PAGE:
Regional inequality in the UK is becoming more pronounced, Bank of England chief economist Andrew Haldane has warned. London and the South East are the only places in the UK where income per head is back above pre-financial crisis levels, he said. Net wealth has also fallen in places such as the north-east of England. But without action by the Bank, the regions could have faced economic contraction, he added. "The UK, I think, is towards the bottom of the league table within Europe in terms of its degree of difference across regions," Mr Haldane told the BBC economics editor Kamal Ahmed.
The 2016 Nobel Prize in physics has been awarded to David Thouless, Duncan Haldane and Michael Kosterlitz, three theoretical physicists whose research used the unexpected mathematical lens of topology to investigate phases of matter and the transitions between them. Topology is a branch of mathematics that deals with understanding shapes of objects; it's interested in'invariants' that don't change when a shape is deformed, like the number of holes an object has. Physics is the study of matter and its properties. The Nobel Prize winners were the first to make the connection between these two worlds. The Nobel Prize for Physics has been awarded to three Brits for their research into'exotic matter'.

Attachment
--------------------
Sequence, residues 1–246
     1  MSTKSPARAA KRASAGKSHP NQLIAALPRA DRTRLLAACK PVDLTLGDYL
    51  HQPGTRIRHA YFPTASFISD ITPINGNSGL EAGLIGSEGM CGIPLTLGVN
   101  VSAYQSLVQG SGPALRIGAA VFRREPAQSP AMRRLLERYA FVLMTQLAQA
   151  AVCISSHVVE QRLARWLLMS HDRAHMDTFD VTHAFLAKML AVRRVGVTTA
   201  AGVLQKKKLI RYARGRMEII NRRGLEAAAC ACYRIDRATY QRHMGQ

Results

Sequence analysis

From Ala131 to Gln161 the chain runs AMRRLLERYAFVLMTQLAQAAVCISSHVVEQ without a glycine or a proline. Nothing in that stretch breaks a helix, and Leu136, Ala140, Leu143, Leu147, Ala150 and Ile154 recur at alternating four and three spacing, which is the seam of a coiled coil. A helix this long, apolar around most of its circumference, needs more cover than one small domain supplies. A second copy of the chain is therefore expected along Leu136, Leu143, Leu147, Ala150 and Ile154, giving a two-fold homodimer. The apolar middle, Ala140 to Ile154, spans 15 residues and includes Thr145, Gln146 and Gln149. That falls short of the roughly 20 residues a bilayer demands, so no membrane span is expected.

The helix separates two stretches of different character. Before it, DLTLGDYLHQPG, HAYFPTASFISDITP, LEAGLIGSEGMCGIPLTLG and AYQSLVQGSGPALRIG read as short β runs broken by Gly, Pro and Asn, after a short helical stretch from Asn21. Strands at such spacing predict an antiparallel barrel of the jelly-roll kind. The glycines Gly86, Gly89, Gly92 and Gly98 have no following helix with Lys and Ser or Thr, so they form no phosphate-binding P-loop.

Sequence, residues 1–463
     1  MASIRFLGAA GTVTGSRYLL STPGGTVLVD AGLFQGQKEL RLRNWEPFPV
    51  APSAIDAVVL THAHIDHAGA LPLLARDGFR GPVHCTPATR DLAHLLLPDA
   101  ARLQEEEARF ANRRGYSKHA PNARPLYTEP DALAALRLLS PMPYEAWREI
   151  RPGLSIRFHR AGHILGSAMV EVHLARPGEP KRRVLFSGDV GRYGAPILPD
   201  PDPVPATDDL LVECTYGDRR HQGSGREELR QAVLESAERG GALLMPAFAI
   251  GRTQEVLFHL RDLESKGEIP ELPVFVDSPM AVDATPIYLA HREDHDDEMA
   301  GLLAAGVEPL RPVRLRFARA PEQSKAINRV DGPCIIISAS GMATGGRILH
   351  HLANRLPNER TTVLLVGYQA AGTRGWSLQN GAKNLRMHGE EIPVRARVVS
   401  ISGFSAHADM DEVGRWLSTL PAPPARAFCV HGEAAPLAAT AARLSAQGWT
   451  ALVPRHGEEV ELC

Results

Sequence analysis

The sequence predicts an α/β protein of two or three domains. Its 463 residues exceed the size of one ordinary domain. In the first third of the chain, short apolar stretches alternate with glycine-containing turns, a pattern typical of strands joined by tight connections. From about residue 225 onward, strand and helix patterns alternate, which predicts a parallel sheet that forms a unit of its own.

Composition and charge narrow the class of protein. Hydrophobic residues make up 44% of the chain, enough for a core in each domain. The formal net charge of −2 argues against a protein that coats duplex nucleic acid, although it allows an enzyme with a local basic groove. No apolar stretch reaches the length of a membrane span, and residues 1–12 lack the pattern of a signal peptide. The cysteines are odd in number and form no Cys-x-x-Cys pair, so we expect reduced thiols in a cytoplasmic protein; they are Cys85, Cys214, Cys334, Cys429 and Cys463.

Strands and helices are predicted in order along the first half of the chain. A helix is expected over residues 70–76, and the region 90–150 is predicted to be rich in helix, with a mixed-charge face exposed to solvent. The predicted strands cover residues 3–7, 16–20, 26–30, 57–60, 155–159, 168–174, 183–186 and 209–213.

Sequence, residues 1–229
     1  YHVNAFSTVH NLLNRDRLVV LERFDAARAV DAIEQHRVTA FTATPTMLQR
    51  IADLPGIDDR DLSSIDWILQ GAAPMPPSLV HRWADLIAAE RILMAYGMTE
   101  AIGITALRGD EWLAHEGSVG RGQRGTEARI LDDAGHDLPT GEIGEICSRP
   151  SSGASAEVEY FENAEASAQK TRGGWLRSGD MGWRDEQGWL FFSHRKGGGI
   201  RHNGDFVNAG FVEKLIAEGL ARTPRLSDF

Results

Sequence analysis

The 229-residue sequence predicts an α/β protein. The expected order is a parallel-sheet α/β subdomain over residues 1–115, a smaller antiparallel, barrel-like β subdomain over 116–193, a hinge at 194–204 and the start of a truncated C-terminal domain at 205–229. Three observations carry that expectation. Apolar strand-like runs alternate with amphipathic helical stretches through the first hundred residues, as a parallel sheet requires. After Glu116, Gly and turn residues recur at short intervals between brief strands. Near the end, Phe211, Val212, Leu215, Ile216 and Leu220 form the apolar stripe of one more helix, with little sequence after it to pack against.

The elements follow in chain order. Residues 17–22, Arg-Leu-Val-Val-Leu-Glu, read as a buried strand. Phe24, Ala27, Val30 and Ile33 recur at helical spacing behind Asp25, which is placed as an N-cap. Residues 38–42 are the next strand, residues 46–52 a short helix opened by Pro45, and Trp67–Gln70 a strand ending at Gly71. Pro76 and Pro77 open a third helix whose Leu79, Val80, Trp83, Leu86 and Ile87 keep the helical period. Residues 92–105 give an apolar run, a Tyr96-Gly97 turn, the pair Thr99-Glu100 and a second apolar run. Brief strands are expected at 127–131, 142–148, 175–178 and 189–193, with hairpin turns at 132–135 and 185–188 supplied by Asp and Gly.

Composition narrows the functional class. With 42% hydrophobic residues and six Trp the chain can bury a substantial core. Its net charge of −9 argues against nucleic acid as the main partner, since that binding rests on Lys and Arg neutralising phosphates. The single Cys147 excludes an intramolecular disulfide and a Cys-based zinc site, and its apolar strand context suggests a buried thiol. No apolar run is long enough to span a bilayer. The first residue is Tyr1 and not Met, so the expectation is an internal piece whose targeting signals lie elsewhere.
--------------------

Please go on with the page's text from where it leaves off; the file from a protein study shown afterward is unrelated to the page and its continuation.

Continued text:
Millions of jobs are likely to be displaced by automation but we have less to fear from robots than some might think, a report from the World Economic Forum has suggested. The Swiss think tank predicts that robots will displace 75 million jobs globally by 2022 but create 133 million new ones - a "net positive". It said advances in computing would free up workers for new tasks. But others have warned there is no guarantee lost jobs will be replaced. The WEF, which runs the famous Davos networking event, said that robots and algorithms would "vastly improve" the productivity of existing jobs and lead to many new ones in the coming years.
Researchers are looking to the natural world for inspiration that will one day help them design life-saving robots. Salto is a monopedal and somewhat skeletal 10.2-inch-tall robot that can jump higher and more quickly than most other robots in the world today. A team of researchers at the University of California, Berkeley, revealed the new hopping bot on Tuesday in a study published this week in the new journal Science Robotics. Instead of taking just one big leap, Salto bounces off a wall with impressive force to complete an even bigger jump, much as a parkour expert might bound from a ledge to a wall and then fly through the air to his next perch. The new robot could be a predecessor to a future tool that may one day jump across dangerous terrain to aid in rescue missions.